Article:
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London: Night, Day and the Camera
Filming for Redemption took place during the spring of 2012, with the majority of the 8-week occurring on location in central London, as well as at 3 Mills Studios in East London. Producer Paul Webster helped surround Knight with a world-class crew who brought a wealth of experience to the first-time director's efforts. These included two-time Academy-award winning director of photography Chris Menges, production designer Michael Carlin and costume designer Louise Stjernsward.

Knight and Menges spent considerable time walking through central London to discover exactly what the city had to offer, from the reflections on the river to the red lanterns of Chinese New Year. Knight explains, "The easy thing to do would have been to make everything look gritty and hand-held. But what I wanted to do was to make the city beautiful, and for the camera to have a dignity about it and for the whole thing to be done almost as if it were pastoral. Rather than making the city look garish and ugly, make it look really settled and beautiful. That's exactly what Chris wanted to do as well."

The production filmed in many iconic areas of London, including the world-famous Covent Garden piazza; The Royal Opera House, where Cristina attends ballerina Maria Zielinska's farewell performance; St. Paul's Church, where the soup kitchen is based; the historic Borough Market and various locations in the neighborhoods of Soho, East London and Chinatown. Interior sets, which were built at 3 Mills Studios, included the Covent Garden apartment Joey breaks into and the rooftop party at Canary Wharf.

The film's many urban London locations posed numerous logistical challenges and required that the crew be as quick and agile as possible. One particular asset was the production's camera, a prototype Alexa. With the ability to shoot in very low light, the camera also breaks down into two halves, which enabled Menges to easily light his scenes and move the camera in confined spaces. Despite these advantages, one particularly challenging sequence was the opening night time chase scene featuring Joey's rooftop escape. "It required a lot of shooting time," explains Webster. "There's a complicated fight. It's all night. And it's across the rooftops and so on, and it was shot in many different locations across many days in the schedule. But I think it paid off. It's a very dynamic piece."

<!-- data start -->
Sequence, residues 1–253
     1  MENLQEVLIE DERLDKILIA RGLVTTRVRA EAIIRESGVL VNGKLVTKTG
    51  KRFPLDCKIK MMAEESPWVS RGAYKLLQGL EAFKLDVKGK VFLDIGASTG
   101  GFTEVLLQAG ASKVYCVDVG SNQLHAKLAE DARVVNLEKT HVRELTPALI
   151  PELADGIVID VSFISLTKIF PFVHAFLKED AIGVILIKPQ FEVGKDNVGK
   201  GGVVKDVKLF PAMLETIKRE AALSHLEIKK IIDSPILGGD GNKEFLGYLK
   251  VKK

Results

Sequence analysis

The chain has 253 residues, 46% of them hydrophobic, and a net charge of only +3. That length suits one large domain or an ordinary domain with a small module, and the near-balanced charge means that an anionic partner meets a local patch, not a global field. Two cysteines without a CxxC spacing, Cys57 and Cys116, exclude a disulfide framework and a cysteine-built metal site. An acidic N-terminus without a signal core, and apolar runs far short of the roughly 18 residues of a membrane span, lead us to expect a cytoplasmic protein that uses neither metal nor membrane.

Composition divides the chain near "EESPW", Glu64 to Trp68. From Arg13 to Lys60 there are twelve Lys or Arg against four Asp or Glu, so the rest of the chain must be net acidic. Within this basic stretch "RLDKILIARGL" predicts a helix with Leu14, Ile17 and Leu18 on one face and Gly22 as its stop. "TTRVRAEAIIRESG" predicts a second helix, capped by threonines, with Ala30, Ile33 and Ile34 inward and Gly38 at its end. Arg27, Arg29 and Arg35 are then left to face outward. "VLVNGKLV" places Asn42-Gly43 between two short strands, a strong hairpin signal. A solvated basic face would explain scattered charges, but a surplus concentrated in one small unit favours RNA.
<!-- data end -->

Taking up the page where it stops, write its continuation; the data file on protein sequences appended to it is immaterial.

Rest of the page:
Production designer Michael Carlin created two starkly contrasting worlds to emphasize Joey's transition from living in a cardboard box to assuming the identity of an affluent gay man in a sleek Covent Garden apartment. "We tried to create something believable that would be as far removed from Joey's life on the streets," says Carlin of the apartment set. "It has all clean straight lines, elegant pictures of naked men, amazing fixtures and fittings. We pushed each world as far from the other as it could get: the backstreets of Chinatown are dark with lots of little coloured lights, which contrasts with the cool grey tones of the immaculate flat."

The majority of Redemption takes place under the cover of darkness, in a dark parallel world populated by shadowy characters. In the film, the River Thames appears as a powerful symbol for the dark heart of the city. Knight says, "It's referred to in the script as being there to wash away the bodies of girls like Isabel. It's a sinister, dark remover of secrets running between the lights of the city, with St. Paul's and the Houses of Parliament -- church and state -- on either side. It has a malevolent influence within the film. For example, on Waterloo Bridge, Joey decides to beat up Taxman as he stares into the river."

Joey and Cristina spend much of their time together at night, often parting before dawn breaks, creating a sharp contrast with the film's daylight scenes, where London is alive and vibrant. "Our characters live and hide at night, and we therefore shot the film largely at night," says producer Guy Heeley. "I've never shot four straight weeks of night shoots and it really instructed how the film looks and how it feels, the atmosphere of it. We've managed to capture a very uninhabited London and it's not something you often see."


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